• C

Socket Programming in C - Problem with the recv() function

I am writing a little program to learn about socket programming.  So far, it listens on a specific port, and I am able to telnet in and send a message.  It then recieves the message and displays it on the screen.  

My problem is this.  I believe I have to call recv in a while loop, as the entire message (if it is long) may not be recieved all at once.

The code below shows how I am handling the recieving of a message.  The problem is that recv() blocks until.... ?  I get stuck in the loop until I send over a bunch of characters (around 150).  How can I make sure that I get the entire message (if its big), but dont get blocked if the msg is small?

Thanks,
Jonathan
int readData(int openSocket, char *buf, int bufsize)
{
  int bcount;  //total num bytes read
  int br;      //bytes read in this pass
  bcount= 0;
  br= 0;
  br = recv(openSocket, buf, bufsize-bcount,0);
  bcount += br;
  while (br > 0) //if 0 is returned it means the msg is complete?
  {            
    if ((br= recv(openSocket,buf,bufsize-bcount, 0)) > 0) {
      bcount += br;                
      buf += br;
    }
    else if (br < 0)     
  return(-1);
  }
return(bcount);
}

Open in new window

jonathanjeffreyAsked:
Who is Participating?
I wear a lot of hats...

"The solutions and answers provided on Experts Exchange have been extremely helpful to me over the last few years. I wear a lot of hats - Developer, Database Administrator, Help Desk, etc., so I know a lot of things but not a lot about one thing. Experts Exchange gives me answers from people who do know a lot about one thing, in a easy to use platform." -Todd S.

jax79sgCommented:
First, you have to recognize that recv() means receiving the information from its input buffer(on a lower level). In fact, to the method, its only a bunch of data which it doesn't understand.

Now, you can design the your message with a simple structure.
Say, at the start of the message, place a unqiue set of characters which you know will never appear in the actual message transfer. Same for end of your message.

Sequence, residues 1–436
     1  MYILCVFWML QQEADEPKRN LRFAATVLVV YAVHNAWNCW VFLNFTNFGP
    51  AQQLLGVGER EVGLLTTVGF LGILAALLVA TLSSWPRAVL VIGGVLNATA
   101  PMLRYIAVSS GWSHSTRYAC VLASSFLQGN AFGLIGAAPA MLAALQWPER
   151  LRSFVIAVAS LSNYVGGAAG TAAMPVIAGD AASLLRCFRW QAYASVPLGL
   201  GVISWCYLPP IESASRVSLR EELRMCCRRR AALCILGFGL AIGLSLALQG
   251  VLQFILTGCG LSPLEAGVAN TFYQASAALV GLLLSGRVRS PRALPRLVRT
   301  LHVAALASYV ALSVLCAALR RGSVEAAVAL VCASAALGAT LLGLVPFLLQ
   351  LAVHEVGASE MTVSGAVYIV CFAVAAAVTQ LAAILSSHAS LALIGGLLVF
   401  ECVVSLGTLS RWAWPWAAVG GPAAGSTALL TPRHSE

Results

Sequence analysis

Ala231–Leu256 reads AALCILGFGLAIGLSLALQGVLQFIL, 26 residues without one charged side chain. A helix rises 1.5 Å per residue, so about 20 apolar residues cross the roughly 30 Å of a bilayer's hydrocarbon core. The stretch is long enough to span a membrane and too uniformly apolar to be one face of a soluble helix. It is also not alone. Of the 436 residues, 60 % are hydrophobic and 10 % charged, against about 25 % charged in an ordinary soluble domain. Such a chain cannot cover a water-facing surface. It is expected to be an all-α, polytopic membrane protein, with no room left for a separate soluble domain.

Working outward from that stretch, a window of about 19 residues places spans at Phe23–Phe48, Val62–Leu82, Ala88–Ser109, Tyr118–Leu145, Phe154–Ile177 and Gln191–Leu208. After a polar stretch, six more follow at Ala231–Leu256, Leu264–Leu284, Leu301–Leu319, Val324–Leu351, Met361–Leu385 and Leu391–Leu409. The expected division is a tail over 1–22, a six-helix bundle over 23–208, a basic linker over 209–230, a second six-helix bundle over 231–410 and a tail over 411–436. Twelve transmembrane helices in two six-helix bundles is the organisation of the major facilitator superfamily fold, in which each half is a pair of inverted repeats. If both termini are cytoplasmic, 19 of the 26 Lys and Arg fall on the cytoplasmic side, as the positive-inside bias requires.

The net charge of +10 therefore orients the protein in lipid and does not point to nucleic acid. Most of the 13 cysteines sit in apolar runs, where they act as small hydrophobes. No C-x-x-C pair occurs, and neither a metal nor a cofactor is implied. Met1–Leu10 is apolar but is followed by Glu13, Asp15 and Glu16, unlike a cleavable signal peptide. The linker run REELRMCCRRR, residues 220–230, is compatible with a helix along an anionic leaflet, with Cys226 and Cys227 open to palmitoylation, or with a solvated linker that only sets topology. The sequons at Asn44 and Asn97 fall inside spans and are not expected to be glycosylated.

<get the entire message (if its big)>
Now you can code it such that so long as you do not receive the unique 'END OF MESSAGE' characters, you will continue with recv(). In other words, you expect more data to be recieved from your sending computer.So you sit and wait. If 'END OF MESSAGE' characters are already received, you will get yourself out of the loop.

<but dont get blocked if the msg is small>
The implementation above will take care of this as well.
0

Experts Exchange Solution brought to you by

Your issues matter to us.

Facing a tech roadblock? Get the help and guidance you need from experienced professionals who care. Ask your question anytime, anywhere, with no hassle.

Start your 7-day free trial
evilrixSenior Software Engineer (Avast)Commented:
Have a look at the select() function, which checks to see if there is data to be read before you call the read() function.
http://msdn2.microsoft.com/en-us/library/ms740141(VS.85).aspx

"The parameter readfds identifies the sockets that are to be checked for readability... readability means that queued data is available for reading such that a call to recv, WSARecv, WSARecvFrom, or recvfrom is guaranteed not to block."
0
jonathanjeffreyAuthor Commented:
jax79sg:  Eventually I want to have this function as a proxy server, and so I will be handling requests from my browser.  The problem is that the request I get from my browser does not always end with a specific sequence of characters.  

evilrix: I'm not worried about blocking while waiting for a message to be sent.  I just want to be sure that I get the whole message (Maybe if its a really big message it will be split up into several smaller messages, and recv() will return without having read everything??)
0
jax79sgCommented:
well, if you are going to work on the browser messages on your own, you will need to adhere to their message standards. Some protocols uses a end message character, others places a message length in the message header. You will need to read that up. The following is a link to get u started.

http://www.w3.org/Protocols/rfc2616/rfc2616-sec4.html#sec4

PS: Do consider spending 1/2 hr and look for ready made C packages that might have done this portion of work for you.
0
jonathanjeffreyAuthor Commented:
Ok, thank you guys.  I ended up using the sentinal value for the problem.  The requests I get from the webrowser always end in /r/n/r/n, so I am able to use that to terminate the recv() while loop.

0
It's more than this solution.Get answers and train to solve all your tech problems - anytime, anywhere.Try it for free Edge Out The Competitionfor your dream job with proven skills and certifications.Get started today Stand Outas the employee with proven skills.Start learning today for free Move Your Career Forwardwith certification training in the latest technologies.Start your trial today
C

From novice to tech pro — start learning today.